OTTAWA (Reuters) - Public backing for Canada’s governing Conservatives has slipped, leaving the party short of the votes needed to win an election if one were held now, according to a poll released on Thursday.
The weekly Ekos survey put support for the Conservatives at 31.7 percent, down from 33.9 percent last week. Support for the Liberals, the biggest opposition party, dropped to 26.2 percent from 27.1 percent.
Under Canada’s electoral system, a party needs at least 40 percent public support to capture a majority of the 308 seats in the House of Commons, and around 36 percent to win a workable minority.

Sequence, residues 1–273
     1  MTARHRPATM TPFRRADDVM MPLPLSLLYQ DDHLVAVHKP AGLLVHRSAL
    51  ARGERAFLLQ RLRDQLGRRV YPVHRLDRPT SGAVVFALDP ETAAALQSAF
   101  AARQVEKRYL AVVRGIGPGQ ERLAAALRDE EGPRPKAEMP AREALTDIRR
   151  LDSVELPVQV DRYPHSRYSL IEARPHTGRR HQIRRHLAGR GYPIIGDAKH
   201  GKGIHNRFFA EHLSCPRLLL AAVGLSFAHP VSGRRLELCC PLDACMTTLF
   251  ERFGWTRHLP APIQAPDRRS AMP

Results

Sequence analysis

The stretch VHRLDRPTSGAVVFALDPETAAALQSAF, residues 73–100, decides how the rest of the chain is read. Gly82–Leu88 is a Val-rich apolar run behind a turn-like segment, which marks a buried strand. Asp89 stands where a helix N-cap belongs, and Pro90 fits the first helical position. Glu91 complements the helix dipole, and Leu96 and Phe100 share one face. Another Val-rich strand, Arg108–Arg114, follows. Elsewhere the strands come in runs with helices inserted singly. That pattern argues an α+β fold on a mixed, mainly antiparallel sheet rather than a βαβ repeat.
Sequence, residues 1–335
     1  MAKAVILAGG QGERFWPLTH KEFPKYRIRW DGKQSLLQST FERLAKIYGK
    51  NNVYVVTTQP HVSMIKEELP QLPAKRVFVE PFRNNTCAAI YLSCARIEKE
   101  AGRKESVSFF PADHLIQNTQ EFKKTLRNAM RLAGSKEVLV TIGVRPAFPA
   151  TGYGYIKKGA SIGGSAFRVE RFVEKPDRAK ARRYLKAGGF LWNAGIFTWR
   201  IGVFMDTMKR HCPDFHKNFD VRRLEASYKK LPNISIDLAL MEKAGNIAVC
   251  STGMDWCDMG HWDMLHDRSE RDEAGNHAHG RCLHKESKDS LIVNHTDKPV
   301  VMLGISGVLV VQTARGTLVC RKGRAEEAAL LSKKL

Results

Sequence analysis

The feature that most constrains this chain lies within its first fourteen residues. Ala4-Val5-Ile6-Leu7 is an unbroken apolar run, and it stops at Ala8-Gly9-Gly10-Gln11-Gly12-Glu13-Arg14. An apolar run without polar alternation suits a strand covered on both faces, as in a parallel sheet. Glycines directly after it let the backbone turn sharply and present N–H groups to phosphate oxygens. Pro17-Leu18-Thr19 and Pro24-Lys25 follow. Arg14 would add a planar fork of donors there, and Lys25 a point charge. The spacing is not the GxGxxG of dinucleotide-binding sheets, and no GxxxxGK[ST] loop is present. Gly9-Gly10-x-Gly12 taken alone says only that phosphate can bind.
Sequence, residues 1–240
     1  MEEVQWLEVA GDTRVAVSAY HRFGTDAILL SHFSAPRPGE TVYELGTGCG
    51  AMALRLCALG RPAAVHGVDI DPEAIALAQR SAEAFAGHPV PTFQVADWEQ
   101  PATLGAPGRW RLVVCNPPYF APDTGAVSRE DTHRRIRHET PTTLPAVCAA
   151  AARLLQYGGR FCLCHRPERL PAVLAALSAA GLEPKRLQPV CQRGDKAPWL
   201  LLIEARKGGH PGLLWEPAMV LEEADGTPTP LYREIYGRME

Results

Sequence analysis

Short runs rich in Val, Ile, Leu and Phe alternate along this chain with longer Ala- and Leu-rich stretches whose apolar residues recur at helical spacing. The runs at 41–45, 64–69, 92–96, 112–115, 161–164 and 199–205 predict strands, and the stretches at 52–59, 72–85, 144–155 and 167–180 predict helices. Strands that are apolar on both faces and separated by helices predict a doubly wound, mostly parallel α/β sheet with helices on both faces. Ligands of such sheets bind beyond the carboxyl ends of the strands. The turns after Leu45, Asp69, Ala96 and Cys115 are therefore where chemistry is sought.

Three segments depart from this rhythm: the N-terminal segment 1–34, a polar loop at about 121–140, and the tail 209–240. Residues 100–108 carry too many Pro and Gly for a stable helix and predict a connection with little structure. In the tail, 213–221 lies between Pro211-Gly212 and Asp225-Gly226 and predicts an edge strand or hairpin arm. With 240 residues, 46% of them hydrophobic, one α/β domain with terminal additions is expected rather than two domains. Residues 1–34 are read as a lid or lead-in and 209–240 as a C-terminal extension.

The Conservatives won a strengthened minority in the October 2008 election with just under 38 percent of the vote but have slipped since then, in part because of public unhappiness at what critics call Prime Minister Stephen Harper’s domineering style of government.
The poll had little good news for the Liberals, who were in power for more than 12 years before losing a January 2006 election to the Conservatives. Since then they have struggled to make an impact.
The Ekos automated telephone survey of 2,431 people was conducted between May 26 and June 1 and is considered accurate to within 2.0 percentage points 19 times out of 20.
Reporting by David Ljunggren; editing by Peter Galloway